Posted March 15th, 2016
The American Chemical Society (ACS) named Jin Kim Montclare, an associate professor in the Department of Chemical and Biomolecular Engineering at the NYU Tandon School of Engineering, a 2016 Rising Star. She will receive the award—which is given by the organization’s Women Chemists Committee to female scientists who have demonstrated outstanding promise for contributions to their fields—at the 251st ACS National Meeting, being held in San Diego, California, from March 13 to 17.
Montclare, a featured speaker at the Rising Star Symposium on March 14, discussed the pathway to engineering artificial proteins and the lessons learned; today she will address the topic of programming intelligent protein biomaterials during a session on dynamic and tunable biomaterials sponsored by the ACS’s Division of Polymeric Materials: Science and Engineering (PMSE).
Montclare’s Lab for Protein Engineering and Molecular Design has been responsible for several breakthroughs in recent years. She and her colleagues have made advancements, for example, in detoxifying organophosphates, compounds commonly used in pesticides and warfare agents (such as sarin) that pose grave health hazards to people and animals. Additionally, she has researched protein-engineered, environmentally responsive hydrogels that hold potential to become fundamental building blocks of new biomimetic materials that can heal wounds and more. In late 2015 the National Science Foundation (NSF) funded Montclare’s latest research, aimed at developing an engineered protein-lipid system that simultaneously delivers genes and drugs for the potential treatment of multi-drug resistant cancer cells, diabetes, and other conditions requiring a variety of therapeutic approaches.
Montclare has been widely hailed for her efforts to introduce K-12 students to the STEM fields, and she has spearheaded an outreach program to help teach science, technology, engineering and math at a girls’ school in Brooklyn. Additionally, she invites a group of high school students into her NYU Tandon lab to conduct research each summer under the auspices of the university’s Center for K-12 Education.
An alumna of the NSF’s Innovation Corps (I-Corps) program, which prepares academic researchers to become entrepreneurs and speeds the commercialization of their research, she co-founded a venture called inSchoolApps, which develops mobile and web apps to enhance science education in the classroom.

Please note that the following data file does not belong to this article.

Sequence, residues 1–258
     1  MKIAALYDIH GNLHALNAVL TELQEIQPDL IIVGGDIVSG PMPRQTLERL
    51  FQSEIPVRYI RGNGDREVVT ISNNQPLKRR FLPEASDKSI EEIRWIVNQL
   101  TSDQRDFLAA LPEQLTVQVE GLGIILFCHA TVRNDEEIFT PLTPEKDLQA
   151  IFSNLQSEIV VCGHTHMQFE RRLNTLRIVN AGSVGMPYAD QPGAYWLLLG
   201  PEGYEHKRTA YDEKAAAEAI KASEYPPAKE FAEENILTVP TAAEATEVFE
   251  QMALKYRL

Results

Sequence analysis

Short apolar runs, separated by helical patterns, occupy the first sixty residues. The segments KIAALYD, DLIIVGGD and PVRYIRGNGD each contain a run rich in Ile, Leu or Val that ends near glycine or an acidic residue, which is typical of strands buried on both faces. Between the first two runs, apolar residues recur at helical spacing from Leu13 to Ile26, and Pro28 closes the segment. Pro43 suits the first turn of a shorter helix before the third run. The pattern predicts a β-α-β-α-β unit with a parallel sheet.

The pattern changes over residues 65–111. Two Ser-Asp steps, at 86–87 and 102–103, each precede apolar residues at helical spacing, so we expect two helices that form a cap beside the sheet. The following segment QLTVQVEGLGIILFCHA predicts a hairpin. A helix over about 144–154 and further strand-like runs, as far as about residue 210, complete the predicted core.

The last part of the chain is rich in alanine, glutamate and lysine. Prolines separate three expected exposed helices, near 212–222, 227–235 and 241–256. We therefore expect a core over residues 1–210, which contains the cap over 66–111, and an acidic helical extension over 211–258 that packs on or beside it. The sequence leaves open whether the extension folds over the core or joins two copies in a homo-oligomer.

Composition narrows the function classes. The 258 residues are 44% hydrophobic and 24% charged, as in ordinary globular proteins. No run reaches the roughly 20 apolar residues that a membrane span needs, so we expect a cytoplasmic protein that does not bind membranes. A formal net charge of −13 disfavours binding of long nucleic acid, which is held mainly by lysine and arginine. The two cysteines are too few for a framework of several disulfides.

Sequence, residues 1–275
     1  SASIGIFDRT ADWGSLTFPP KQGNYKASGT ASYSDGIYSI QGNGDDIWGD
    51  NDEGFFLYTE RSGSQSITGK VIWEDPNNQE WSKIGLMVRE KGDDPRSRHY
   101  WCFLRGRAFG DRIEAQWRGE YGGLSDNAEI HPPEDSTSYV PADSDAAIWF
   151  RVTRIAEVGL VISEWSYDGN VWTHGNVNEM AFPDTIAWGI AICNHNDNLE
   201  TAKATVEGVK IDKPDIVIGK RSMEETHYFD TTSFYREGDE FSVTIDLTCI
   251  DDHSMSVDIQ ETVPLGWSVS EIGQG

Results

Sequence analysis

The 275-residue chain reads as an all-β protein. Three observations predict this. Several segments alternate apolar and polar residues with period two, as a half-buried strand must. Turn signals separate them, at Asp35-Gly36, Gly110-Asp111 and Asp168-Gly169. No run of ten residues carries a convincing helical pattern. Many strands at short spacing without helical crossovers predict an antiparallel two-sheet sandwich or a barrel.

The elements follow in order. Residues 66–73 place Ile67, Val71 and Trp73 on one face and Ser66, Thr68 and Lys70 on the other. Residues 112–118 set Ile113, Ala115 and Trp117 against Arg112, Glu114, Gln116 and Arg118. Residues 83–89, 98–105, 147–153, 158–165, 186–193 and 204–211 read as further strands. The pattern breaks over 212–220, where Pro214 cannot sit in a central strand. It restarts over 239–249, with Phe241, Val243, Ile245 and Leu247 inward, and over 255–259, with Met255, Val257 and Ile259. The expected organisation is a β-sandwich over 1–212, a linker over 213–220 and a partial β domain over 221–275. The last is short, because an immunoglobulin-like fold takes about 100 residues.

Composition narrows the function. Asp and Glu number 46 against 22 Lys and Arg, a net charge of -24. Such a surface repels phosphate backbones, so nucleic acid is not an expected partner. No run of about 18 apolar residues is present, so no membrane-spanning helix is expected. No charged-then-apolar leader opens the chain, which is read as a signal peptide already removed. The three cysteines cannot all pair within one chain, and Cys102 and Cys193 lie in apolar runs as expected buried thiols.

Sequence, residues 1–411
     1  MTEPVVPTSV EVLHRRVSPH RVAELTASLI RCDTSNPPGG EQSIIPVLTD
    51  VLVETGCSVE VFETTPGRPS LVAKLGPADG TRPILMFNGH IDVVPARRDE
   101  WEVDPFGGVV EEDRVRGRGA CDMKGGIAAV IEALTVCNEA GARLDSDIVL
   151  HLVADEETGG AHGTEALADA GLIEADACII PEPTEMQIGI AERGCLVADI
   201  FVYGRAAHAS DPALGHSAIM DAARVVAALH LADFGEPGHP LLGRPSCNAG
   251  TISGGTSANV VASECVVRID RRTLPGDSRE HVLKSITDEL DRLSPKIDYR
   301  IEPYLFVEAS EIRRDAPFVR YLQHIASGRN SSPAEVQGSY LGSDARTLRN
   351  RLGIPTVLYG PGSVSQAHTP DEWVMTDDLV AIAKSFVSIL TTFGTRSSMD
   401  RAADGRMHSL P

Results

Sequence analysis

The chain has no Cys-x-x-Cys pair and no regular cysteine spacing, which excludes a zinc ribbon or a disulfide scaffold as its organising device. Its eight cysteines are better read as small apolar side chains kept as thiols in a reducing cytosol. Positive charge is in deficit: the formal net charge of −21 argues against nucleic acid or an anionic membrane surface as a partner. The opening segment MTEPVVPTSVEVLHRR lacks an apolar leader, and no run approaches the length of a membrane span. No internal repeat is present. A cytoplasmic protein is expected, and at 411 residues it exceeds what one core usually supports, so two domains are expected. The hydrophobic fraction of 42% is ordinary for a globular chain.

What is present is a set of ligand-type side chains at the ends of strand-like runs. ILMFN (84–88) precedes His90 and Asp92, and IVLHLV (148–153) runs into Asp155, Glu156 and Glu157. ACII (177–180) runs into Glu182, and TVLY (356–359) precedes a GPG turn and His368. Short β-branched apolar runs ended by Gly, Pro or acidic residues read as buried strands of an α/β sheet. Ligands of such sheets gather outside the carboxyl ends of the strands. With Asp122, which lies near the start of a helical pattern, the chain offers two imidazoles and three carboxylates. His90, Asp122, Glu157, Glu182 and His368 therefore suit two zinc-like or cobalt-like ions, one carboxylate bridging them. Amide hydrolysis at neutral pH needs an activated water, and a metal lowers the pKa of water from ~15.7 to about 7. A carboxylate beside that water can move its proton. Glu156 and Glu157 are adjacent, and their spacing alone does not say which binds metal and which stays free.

“Jin Montclare’s cutting-edge research is addressing problems of great medical and societal importance, while her commitment to K-12 STEM education ensures that the next generation of engineers will be in the pipeline, ready to do equally noteworthy work,” said NYU Tandon Dean Katepalli R. Sreenivasan. “Additionally, her entrepreneurial zeal and dedication to innovation have long been traits we strive to inculcate in our undergraduate and graduate students. I congratulate her for this deserved recognition by the ACS.”
In addition to the ACS Rising Star Award, Montclare, who earned her doctoral degree in bioorganic chemistry from Yale University in 2003, has been the recipient of the Agnes Fay Morgan Research Award from the National Honor Society for Women in Chemistry, the Executive Leadership in Academic Technology and Engineering Fellowship, the Jacobs Excellence in Education Award, the Dreyfus Special Grants Program Award, the AFOSR Young Investigator Award, and the Wechsler Award for Excellence.
The NYU Tandon School of Engineering dates to 1854, when the NYU School of Civil Engineering and Architecture as well as the Brooklyn Collegiate and Polytechnic Institute (widely known as Brooklyn Poly) were founded. Their successor institutions merged in January 2014 to create a comprehensive school of education and research in engineering and applied sciences, rooted in a tradition of invention, innovation and entrepreneurship. In addition to programs at its main campus in downtown Brooklyn, it is closely connected to engineering programs in NYU Abu Dhabi and NYU Shanghai, and it operates business incubators in downtown Manhattan and Brooklyn.